Agnieszka Rojewska wins World Barista Championship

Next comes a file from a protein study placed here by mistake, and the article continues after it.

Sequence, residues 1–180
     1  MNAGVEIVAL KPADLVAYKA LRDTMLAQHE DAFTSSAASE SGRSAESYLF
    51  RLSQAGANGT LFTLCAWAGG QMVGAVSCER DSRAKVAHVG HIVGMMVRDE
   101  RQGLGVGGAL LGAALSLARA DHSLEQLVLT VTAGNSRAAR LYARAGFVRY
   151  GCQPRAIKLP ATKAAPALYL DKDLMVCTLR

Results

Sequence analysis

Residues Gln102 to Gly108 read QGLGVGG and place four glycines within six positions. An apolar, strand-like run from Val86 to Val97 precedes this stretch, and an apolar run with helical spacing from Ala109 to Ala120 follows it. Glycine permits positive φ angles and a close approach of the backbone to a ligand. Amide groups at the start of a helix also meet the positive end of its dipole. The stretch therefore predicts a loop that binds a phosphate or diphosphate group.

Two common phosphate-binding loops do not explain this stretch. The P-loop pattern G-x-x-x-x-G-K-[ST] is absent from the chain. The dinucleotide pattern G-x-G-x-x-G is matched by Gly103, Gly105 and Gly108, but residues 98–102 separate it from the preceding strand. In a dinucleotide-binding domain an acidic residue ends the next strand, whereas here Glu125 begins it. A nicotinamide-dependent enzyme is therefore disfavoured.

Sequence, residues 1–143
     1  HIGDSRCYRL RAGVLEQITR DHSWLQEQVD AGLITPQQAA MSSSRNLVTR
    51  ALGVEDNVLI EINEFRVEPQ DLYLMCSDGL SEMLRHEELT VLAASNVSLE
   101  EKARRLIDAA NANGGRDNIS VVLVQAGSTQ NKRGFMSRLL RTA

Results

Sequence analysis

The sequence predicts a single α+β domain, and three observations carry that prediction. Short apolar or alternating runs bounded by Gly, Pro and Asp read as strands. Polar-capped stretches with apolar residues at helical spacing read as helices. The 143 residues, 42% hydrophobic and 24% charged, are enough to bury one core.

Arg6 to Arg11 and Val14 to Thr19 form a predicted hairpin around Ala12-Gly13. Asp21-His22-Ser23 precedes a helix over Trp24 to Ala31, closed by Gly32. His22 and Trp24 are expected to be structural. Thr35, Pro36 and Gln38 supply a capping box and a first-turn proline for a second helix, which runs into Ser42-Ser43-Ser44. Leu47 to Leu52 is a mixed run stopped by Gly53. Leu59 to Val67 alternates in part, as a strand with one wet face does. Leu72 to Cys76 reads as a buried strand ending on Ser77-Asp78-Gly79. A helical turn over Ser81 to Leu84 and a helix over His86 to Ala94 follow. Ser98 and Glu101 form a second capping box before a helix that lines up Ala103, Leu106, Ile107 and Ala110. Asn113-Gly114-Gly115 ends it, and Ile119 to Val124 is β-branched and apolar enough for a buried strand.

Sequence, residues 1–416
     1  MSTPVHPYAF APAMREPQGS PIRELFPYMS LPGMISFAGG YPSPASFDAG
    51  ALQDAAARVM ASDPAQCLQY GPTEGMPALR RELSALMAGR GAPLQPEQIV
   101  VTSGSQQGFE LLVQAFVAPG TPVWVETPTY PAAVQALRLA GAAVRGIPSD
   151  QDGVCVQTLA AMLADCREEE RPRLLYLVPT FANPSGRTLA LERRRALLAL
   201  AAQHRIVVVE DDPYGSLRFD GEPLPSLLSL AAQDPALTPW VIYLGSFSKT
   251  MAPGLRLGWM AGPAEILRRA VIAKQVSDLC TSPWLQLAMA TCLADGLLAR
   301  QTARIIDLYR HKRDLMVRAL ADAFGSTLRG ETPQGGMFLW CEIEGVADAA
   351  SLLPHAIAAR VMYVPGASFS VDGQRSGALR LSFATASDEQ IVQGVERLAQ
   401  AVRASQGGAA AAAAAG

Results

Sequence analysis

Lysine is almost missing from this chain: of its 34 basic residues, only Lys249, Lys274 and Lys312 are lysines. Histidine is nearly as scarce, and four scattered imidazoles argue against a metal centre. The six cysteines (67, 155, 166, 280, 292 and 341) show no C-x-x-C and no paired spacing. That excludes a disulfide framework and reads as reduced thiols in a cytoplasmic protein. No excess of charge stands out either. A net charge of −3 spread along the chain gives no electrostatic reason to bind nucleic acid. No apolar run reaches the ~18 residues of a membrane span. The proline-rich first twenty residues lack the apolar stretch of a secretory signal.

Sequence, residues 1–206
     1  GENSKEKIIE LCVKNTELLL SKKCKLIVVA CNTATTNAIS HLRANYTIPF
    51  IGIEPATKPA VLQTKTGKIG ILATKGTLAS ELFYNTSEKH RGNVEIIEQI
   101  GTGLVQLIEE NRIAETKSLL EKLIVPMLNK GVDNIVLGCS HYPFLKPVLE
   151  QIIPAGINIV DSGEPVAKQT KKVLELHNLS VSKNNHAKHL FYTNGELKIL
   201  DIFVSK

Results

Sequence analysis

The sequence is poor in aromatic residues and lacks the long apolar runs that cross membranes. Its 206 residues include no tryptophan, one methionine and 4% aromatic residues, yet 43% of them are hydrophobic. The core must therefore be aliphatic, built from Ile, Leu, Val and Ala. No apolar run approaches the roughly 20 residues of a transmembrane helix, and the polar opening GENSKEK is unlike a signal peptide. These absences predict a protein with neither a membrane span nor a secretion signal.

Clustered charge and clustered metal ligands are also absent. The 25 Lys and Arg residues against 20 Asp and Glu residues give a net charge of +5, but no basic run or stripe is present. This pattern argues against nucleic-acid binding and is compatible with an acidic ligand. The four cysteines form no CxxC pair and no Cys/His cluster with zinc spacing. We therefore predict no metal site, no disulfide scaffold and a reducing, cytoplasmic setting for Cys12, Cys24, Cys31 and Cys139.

Agnieszka Rojewska of Poland has won the 2018 World Barista Championship (WBC). Agnieszka, a veteran of multiple coffee competitions across the globe, triumphed over 55 other baristas to become the first woman ever to win the title. Lex Wenneker of The Netherlands was runner up, Mathieu Theis of Switzerland was third place, Michalis Katsiavos of Greece was fourth, Cole Torode of Canada was fifth place, John Gordon of New Zealand was sixth place, and Craig Simon of Australia finished in seventh place. “I never thought I’d be in the final so the fact I [was] is the best experience,” Rojewska said post-performance. “This is like the craziest day of my life.” Rojewska of Full Pro Coffee has been making coffee for more than 10 years. She started working in a coffee chain before starting her own cafe. Agnieszka now works mostly as a coffee trainer, but has spent the past four years competing in various coffee competitions, tackling almost every category of competition there is to win. Rojewska is a three-time Polish Barista Champion and four-time Polish Latte Art Champion with a career high ranking of third in the world in 2017. Rojewska will compete in Poland’s Brewers Cup Championship on Sunday 1 July, and will attempt another world title when she competes in the World Latte Art Championship in Brazil from 7 to 9 November. Last year, Rojewska placed Runner-Up in the Polish Brewers Cup competition and New York Coffee Masters, but this year has been one of first places, winning the London Coffee Masters competition in April, and now the WBC in Amsterdam. For her 15-minute routine, Rojewska used a coffee sourced from Project Origin Coffee’s CM Selections lot in Mesina, Ethiopia, a new coffee growing area. Because of the fresh soil and young 10-year-old trees planted at 2300 metres above sea level, Agnieszka said the result in the cup would have “more intense yellow fruit characteristics” and  “extraordinary sweetness”. The Heirloom cultivar underwent washed carbonic masceration processing, a concept Ona Coffee Founder Sasa Sestic first presented to the WBC in 2015, the same year he won the event. With this process, the coffee is depulped, put into tanks and pressurised with carbon dioxide to remove all oxygen and encourage lactic bacteria. The coffee was roasted by 2017 Brewers Cup Runner Up Sam Corra of Ona Coffee. Rojewska says she chose to use Ethiopian coffee because of how expressive it is, with flavours of yellow and red fruit that are easy to recognise. “It was the first coffee I have fallen in love with,” Rojewska told the judges. To make her milk beverage exude strawberry notes, Rojewska prepared a more intense espresso using 23 grams in the basket and 36 grams out via the Victoria Arduino Black Eagle machine. She added three-and-a-half ounces of milk to help achieve notes of milk chocolate and warm strawberry jam. The full cream milk had a high fat content for a creamy texture and combined with a lower temperature, reminded Rojewska of slow-melted chocolate ice cream. Despite her accomplished latte art skills, Rojewska poured a simple small heart in the centre of each cup to help stretch the milk, give more aromatics, and more intense strawberry flavours. For her signature beverage, Rojewska used Ona Coffee’s O.C.D and Stem devices to produce her shots and made a passionfruit infusion. This was made adding 100 grams of passionfruit to 30 grams of coconut sugar, 50 millilitres of water, and cooked for three hours at 60°C for more natural tropical fruit notes. To replicate the same lactic acid bacteria used in washed carbonic masceration, Rojewska used 100 grams of warm milk and seven grams of citric acid in the form of lime juice, which she then let sit and separate for three hours before straining three times. The end result was 20 grams of ‘washed milk’ and a creamy mouthfeel in her signature beverage. She added 4 grams of this liquid to 100 grams of water infused for 20 hours at 120°C, and blended it together with her espresso shots at 20 grams in the basket, 35 grams out. Lastly, Rojewska prepared her espressos using the same Ethiopian coffee. Despite her coach Sasa Sestic pointing out that she was 20 seconds behind in his Livestream commentary, Rojewska pushed on, using 20 grams in the basket and 45 grams out to achieve medium sweetness, medium bitterness, and flavours of orange, plum, and low intensity of peach. She used visual aids to describe the body and texture of the body and concluded with a simple message. “It’s my greatest pleasure to bring this world stage coffee to you as my customers, and most importantly, my friends,” Rojewska said with one seconds remaining on the clock. In the past week, thousands of coffee professionals gathered in Amsterdam for World of Coffee (WOC), one of Europe’s largest coffee trade show, and the host of the 2018 WBC. Just under 11,000 professionals from across Europe and around the globe registered to attend, breaking records for the event. Next year, WOC heads to the German capital of Berlin from 6 to 8 June, 2019 at the Messe Convention Center. Image credit: World Coffee Events, SCA and Jeff Hann.

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